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Advice: 'If it doesn't kill you, eat it'

Ron Shipley

Today our storyteller comes to us from Verndale. His name is Ronald (Ron) Shipley. Ron was born in Fullerton, Calif., in 1941. His father's name is Hugh and his mom is Naomi.

They lived near Disneyland where he found his first job when he was a teenager. Hugh drove a truck in the oil fields. When Ron was 4 years old, Hugh's truck collided with another and he was killed.

Ron joined the Navy in 1958 where he spent the next eight years. Following that he was employed by the Steel Warehouse for three years. He married Nubia Ramirez in 1958 and between them they have eight children.

The South Louisiana oil fields saw Ron next. There were many accidents, like in all oil fields, where almost any accident is a big one. He saw more than one man die. Fires and what was called "sour gas" were two of the dangers. Workers had to wear masks. Ron worked where they were drilling.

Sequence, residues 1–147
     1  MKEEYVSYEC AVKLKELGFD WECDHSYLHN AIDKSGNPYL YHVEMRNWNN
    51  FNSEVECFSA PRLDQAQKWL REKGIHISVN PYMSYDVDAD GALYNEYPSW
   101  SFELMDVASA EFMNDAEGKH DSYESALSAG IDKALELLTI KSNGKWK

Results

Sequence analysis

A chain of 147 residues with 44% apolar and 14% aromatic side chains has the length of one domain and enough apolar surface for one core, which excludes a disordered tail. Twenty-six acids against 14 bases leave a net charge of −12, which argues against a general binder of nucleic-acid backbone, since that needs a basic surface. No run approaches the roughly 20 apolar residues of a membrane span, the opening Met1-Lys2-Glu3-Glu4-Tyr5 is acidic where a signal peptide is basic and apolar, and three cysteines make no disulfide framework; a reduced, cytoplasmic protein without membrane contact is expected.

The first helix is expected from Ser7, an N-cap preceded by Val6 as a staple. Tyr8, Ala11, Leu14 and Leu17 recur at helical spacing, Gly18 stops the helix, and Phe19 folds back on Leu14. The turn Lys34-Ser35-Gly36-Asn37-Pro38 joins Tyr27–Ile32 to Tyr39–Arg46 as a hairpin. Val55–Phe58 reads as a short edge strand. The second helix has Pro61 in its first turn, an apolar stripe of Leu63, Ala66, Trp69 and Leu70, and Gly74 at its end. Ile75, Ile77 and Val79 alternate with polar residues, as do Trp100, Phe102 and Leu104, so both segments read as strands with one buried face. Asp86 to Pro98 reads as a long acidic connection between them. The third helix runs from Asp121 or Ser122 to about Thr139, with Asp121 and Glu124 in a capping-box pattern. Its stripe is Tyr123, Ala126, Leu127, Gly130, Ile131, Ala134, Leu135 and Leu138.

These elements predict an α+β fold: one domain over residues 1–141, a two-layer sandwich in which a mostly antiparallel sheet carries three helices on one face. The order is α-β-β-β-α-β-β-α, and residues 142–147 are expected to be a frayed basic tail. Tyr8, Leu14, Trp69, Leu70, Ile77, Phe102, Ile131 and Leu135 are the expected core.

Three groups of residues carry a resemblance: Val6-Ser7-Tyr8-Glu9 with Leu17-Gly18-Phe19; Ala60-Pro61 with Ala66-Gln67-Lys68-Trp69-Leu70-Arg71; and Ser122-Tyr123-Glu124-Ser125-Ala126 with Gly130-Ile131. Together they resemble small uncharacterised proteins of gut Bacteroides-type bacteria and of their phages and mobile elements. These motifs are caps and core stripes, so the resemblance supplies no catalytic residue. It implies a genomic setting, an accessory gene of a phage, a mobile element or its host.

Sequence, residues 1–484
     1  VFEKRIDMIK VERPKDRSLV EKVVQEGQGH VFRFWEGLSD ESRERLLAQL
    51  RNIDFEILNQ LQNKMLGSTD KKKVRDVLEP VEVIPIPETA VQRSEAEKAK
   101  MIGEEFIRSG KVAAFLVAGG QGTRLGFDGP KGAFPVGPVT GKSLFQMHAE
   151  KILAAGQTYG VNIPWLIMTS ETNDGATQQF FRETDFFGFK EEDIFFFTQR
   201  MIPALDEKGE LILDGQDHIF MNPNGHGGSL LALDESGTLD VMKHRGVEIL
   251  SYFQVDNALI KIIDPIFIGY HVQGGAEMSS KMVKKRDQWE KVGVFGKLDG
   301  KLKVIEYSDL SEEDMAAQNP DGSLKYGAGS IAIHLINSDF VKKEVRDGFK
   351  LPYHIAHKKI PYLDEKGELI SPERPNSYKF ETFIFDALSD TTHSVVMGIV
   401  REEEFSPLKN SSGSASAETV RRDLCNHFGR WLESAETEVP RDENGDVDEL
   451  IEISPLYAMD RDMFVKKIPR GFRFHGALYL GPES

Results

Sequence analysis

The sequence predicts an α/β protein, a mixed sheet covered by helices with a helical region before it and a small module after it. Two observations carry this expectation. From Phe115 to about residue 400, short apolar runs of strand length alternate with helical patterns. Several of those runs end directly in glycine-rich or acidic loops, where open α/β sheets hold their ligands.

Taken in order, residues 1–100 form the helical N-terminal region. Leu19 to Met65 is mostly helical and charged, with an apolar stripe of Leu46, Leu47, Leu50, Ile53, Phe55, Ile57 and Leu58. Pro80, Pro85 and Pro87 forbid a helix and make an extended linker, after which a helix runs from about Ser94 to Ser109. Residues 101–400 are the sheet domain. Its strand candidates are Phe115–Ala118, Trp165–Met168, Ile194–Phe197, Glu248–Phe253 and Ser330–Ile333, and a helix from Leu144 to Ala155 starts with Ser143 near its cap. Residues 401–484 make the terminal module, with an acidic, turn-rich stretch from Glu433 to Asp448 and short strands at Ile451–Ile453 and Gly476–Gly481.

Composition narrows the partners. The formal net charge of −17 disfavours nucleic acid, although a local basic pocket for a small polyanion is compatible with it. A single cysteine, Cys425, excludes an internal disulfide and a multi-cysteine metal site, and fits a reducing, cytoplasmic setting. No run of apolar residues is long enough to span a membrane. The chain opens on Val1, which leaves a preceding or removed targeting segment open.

Then Ron asked, "How far back can you remember?"

I said, "I can remember falling in old basement hole. Lizards looked at me from holes in the wall. I bawled when my dad found me. I always liked lizards, and still do. I think I was about 2 1/2."

And his recollections go back even further.

"Well, I've got a great memory. I can remember when I was 1 1/2 years old," he said.

Ron has driven truck at different times, once for a company in Texas, where he was also a volunteer paramedic for the fire department for six years. It was in 1988, while working a second time for Steel Warehouse, that his back was severely injured, calling for three operations. He is gathering strength under our big friendly roof.

Ron joined the Jehovah's Witness faith and was baptized 34 years ago, along with his wife. He has worked and preached in 17 different congregations. The Shipleys moved to Verndale in 2009 to be with their ill daughter, who has since died.

It was nice to hear that they like our Minnesota. Now, in all of the many places Ron has lived and worked, what bit of advice was he given he remembers most?

In Louisiana they said, "If it doesn't kill you, eat it!"